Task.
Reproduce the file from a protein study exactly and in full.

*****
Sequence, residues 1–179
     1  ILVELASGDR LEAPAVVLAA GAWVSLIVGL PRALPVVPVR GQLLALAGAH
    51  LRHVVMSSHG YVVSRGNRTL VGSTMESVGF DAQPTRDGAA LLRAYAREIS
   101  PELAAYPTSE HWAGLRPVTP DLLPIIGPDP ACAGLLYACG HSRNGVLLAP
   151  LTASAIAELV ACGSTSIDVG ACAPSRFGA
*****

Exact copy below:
Sequence, residues 1–179
     1  ILVELASGDR LEAPAVVLAA GAWVSLIVGL PRALPVVPVR GQLLALAGAH
    51  LRHVVMSSHG YVVSRGNRTL VGSTMESVGF DAQPTRDGAA LLRAYAREIS
   101  PELAAYPTSE HWAGLRPVTP DLLPIIGPDP ACAGLLYACG HSRNGVLLAP
   151  LTASAIAELV ACGSTSIDVG ACAPSRFGA